18 Sep Effects of Opioid Pain Medication on Your Disability Claim.
Marken Law Group, PS, has helped hundreds of people obtain Social Security Disability benefits. We do not charge a fee unless you get the benefits you deserve.
The country is currently in the midst of an Opioid epidemic of incredible proportions. Hospitals and health care providers are limiting supply, or in the alternative, providing pain contracts or looking for alternatives to narcotic pain medication.
If you have been taking opioid pain medication and are applying for disability the adjudicators and case managers will be looking for several facts in your medical record. First; have your doctors, counselors indicated “drug-seeking” behavior? This can kill your claim because it attacks your credibility. The only way you will know is going over your COMPLETE medical record with your attorney. Secondly, have you lost your medication or needed a refill quicker than the prescribed time period? While a doctor might not specifically say “drug seeking” it will be implied and needs to be addressed. Third, is there evidence of marijuana or excessive alcohol use in your medical record? If there is, this also needs to be addressed as this will damage your credibility with respect to even prescribed opioid pain medication.
*Note (If you want to dive deeper into Social Security’s drug and alcohol interpretation, please click the link here.)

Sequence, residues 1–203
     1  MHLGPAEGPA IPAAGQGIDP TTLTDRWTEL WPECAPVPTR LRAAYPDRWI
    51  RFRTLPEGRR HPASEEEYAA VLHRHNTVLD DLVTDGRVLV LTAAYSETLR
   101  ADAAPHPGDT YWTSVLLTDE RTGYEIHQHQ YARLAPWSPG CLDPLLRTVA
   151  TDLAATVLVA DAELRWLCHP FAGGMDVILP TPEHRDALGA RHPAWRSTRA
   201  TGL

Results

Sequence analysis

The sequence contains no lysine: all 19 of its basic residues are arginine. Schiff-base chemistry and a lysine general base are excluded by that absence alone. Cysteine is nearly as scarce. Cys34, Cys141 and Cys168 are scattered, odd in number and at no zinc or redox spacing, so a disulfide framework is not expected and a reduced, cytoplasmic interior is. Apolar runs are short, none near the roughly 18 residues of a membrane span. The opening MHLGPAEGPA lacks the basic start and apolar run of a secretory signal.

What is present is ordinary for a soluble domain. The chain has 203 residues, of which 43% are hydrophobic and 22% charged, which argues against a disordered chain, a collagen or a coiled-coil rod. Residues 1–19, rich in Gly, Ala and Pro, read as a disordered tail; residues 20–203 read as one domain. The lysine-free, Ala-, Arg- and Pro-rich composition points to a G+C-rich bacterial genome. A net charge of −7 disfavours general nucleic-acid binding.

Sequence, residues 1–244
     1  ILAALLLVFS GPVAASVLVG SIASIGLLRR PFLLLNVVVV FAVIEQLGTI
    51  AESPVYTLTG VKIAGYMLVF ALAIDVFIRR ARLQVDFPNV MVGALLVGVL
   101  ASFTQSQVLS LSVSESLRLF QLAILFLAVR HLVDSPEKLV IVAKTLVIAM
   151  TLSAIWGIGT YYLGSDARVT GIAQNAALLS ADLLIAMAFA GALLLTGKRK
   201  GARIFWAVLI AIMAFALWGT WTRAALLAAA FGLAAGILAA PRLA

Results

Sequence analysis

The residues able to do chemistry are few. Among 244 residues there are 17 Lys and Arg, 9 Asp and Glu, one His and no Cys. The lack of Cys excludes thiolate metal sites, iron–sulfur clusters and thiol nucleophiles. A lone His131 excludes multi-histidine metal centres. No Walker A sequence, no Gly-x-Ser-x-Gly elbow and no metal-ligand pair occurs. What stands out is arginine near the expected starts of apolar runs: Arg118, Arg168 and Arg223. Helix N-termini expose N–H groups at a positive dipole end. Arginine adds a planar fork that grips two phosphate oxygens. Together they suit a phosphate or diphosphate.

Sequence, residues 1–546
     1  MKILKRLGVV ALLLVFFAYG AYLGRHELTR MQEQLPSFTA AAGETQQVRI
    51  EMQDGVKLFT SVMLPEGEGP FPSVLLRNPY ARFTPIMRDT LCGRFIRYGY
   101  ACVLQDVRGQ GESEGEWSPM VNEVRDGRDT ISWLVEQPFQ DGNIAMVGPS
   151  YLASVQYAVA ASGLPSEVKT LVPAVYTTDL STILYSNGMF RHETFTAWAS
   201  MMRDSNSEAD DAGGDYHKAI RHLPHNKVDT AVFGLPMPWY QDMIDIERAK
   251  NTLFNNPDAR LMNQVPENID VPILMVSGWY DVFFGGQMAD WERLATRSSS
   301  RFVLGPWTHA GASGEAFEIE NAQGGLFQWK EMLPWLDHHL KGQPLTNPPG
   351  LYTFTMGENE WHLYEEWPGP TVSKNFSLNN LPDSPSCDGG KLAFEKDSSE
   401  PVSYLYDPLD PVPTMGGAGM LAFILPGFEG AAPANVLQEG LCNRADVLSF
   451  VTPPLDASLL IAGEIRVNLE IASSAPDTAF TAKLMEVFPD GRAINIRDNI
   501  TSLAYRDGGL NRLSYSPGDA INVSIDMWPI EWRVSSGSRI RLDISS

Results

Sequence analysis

If you are taking opioid pain medication, the Social Security adjudicators and case managers handling your disability claim will want evidence in your medical record you tried to solve the issue for needing pain medication. What does this mean practically? If you have degenerative disc disease, for instance, the Social Security Administration will want to see you attended physical therapy, chiropractic work, saw an orthopedic surgeon for a consult and/or received steroid injections or surgery. The disability adjudicators want to see attempts to not be on pain medication. The worst possibility for your claim is if your medical records display somehow who simply goes to their primary care doctor for refills on pain medication.
A few tips from my experience in front of countless administrative law judges. I have represented many clients who do not take pain medication, for various reasons, and they have been applauded by the administrative law judges. Years of opioid pain medication typically will damage credibility because even though it is prescribed by a doctor, they are narcotics associated with abuse.
The way the sentiment is in popular culture, with hundreds of thousands of overdose deaths, and the medical insurance industry, opioid pain medication is going to be hard to obtain in the future. The irony is, medical or recreational marijuana will damage your credibility even if used for pain. Social Security is a federal institution and marijuana is still illegal at the federal level. I have had many clients use occasional marijuana rather than opioid pain medication to their detriment.
There can be many problems associated with opioid pain medication and your Social Security Disability claim. Call Marken Law Group, PS, about scheduling a free consultation. No Benefits, No Fee!